Building History

You wouldn't guess the history of the 902 Dodge building by looking at its' new modern look, but this building has a history of excitement that rivals the most exciting places of prohibition times.

902 Dodge | Downtown Omaha

Gene Livingston was a well known bootlegger in Omaha NE in the 1920’s.  Back then to fight prohibition you would have to pay-off policemen, so they would provide protection for you.  One such policeman was Joe Potach, a career “touch copper” who “delivered messages” and provided protection for many of the bootleggers in Omaha.  One night while at a pool hall Livingston and Potach got into a fight where Livingston allegedly admitted to paying Potach off.  Potach filed a libel suit against Livingston and a court hearing soon began.  Livingston testified that for over 4 years he paid Potach $100 a month then raising it to $200 a month.  Obviously Potach a “respected” policeman denied these allegations.  After three days and thirty minutes of deliberation by the jury the verdict came back not-guilty.  The police commissioner at the time was Henry Dunn who allowed Potach to stay on the police force only to change is mind the next day and suspended him.  This was due to a bribery complaint filed against Potach.  In order for prosecutors to win the case against Potach they needed the testimony of Livingston and other bootleggers, but it was not in their best interest to testify.  On claims of the 5th amendment, Livingston did not testify for fear of self-incrimination, and the case was dropped.

902 DodgeLivingston soon started one of the biggest stills in downtown Omaha in the late twenties.  This was located at the Farrell Building on 9th and Dodge, formally the Farrell Syrup Company.  At that time, there were only 4 floors with the first two occupied by the still and boilers the third was used for storage and the fourth was used for shipping and packaging.  A total of ten vats, each six feet deep and thirteen across were housed at the Farrell Building.  All of the equipment and installation came from Chicago, men associated with Al Capone.  Unfortunately due to Livingston’s past he could not afford good protection.  He enlisted Fred Palmtag who did not know the right people or have the experience to deal with Livingston.  Palmtag demanded money from Livingston which he did not have because the still was not fully functional.  Their debate came to a head one day when Palmtag’s patience gave out and he hit Livingston in the head with the butt of his gun.  Then he went to Council Bluffs and told federal officers about the still which was then raided.  Needless to say the Chicago gang he purchased the still from was not excited about this.

Seeing the need to make money, and quickly to appease his Chicago friends he started another still at 1207 Howard.  Another elaborate still valued around $50,000 with a daily capacity of 1,000 gallons, was again raided by police before Livingston (operating under the name Henry Landsman) could get it started.  It seems Livingston did little else then get himself in trouble in Omaha and Chicago.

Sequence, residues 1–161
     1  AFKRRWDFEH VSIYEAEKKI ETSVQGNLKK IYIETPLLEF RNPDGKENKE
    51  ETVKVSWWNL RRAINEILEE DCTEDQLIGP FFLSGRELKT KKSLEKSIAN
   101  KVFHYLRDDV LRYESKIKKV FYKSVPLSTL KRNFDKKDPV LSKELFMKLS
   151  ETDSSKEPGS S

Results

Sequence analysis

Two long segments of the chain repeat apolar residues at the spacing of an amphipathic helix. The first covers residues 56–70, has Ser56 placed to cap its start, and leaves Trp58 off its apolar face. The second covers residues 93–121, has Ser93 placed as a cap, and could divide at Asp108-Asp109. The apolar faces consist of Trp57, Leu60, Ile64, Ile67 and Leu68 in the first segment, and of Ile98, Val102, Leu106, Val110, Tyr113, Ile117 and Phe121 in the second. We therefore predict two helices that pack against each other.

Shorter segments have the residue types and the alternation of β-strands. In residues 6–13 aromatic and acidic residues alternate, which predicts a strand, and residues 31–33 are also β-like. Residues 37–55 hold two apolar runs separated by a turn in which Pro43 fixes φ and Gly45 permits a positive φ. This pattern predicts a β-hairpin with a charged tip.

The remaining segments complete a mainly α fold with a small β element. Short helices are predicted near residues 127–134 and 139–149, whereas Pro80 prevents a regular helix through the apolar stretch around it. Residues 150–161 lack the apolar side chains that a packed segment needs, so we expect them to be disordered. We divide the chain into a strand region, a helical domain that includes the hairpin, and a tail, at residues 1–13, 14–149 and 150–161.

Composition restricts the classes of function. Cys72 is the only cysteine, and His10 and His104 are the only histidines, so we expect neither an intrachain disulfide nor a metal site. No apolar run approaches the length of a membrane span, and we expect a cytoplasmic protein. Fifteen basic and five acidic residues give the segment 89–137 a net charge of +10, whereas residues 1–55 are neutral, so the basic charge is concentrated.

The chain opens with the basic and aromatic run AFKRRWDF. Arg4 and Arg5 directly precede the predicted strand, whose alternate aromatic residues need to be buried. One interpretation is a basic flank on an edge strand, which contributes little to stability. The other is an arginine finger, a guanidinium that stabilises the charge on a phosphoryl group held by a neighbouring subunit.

With an extensive rap sheet and two successive raids Livingston’s future was looking bleak.

32nd and Farnam Street, February 1930, was the location and date of Livingston’s attempted murder.  Forty shotgun slugs and revolver bullets riddled Livingston’s Lincoln automobile.  As a car pulled up beside the Lincoln three men opened fire, the elusive Livingston allegedly jumped out of the car and into another car which drove him away.  The police caught up with him later at a pool hall and confronted him about it, to which he replied he knew nothing about the incident.  Two and a half months after the incident, Livingston 27 years old, scheduled to go to prison on May 12 for possession of a carload of alcohol in March 1928, entered a speakeasy on North 17th street.  He would never make it to prison.  At about 3a.m. on May 1st Livingston asked to stay over because he was drunk.  As he walked to the sink to get a drink of water a hail of shotgun and pistol fire rained from the window, police would estimate that it was three people.

Livingston had many enemies, and two days before he was shot he was ready to turn them in.  He had contacted Irving Stalmaster the assistant attorney for the state of Nebraska and told him he would tell his story about the corruption in Omaha involving state, federal, county, and city officials, in return for immunity.  Was this the reason Livingston was murdered?  There are many theories out there:  One such theory is that Potach was told to take him out.  In an elaborate scheme, Potach took his family to L.A. even wrote a letter from L.A. to Omaha.  He was conveniently gone during Livingston’s death; however two people say they saw Potach on the day Livingston died in Omaha.  902 DodgeWas Al Capone to blame??  Livingston bought his still from Capone’s men and he owed them $40,000 with both the Farrell and Howard Street stills raided he had no way of paying them.  The Chicago gang would have accepted the Farrell still back as payment, which Livingston tried to accomplish.  A junk company had bought the confiscated Farrell still from the government which in turn Livingston bought from the junk company.  With the Farrell still back, he packed it into two boxcars for a train headed to Chicago subsequently ending his debt to Capone’s men.  That train never made it to Chicago.  Federal agents acting on a tip, right down to the boxcar numbers, raided the boxcar and re-confiscated the Farrell still.

Livingston’s murder is down on the books as unsolved, however for years after his death many men were heard saying “we will do you like Livingston” adding to the drama and the mystique of the unsolved murder.
 

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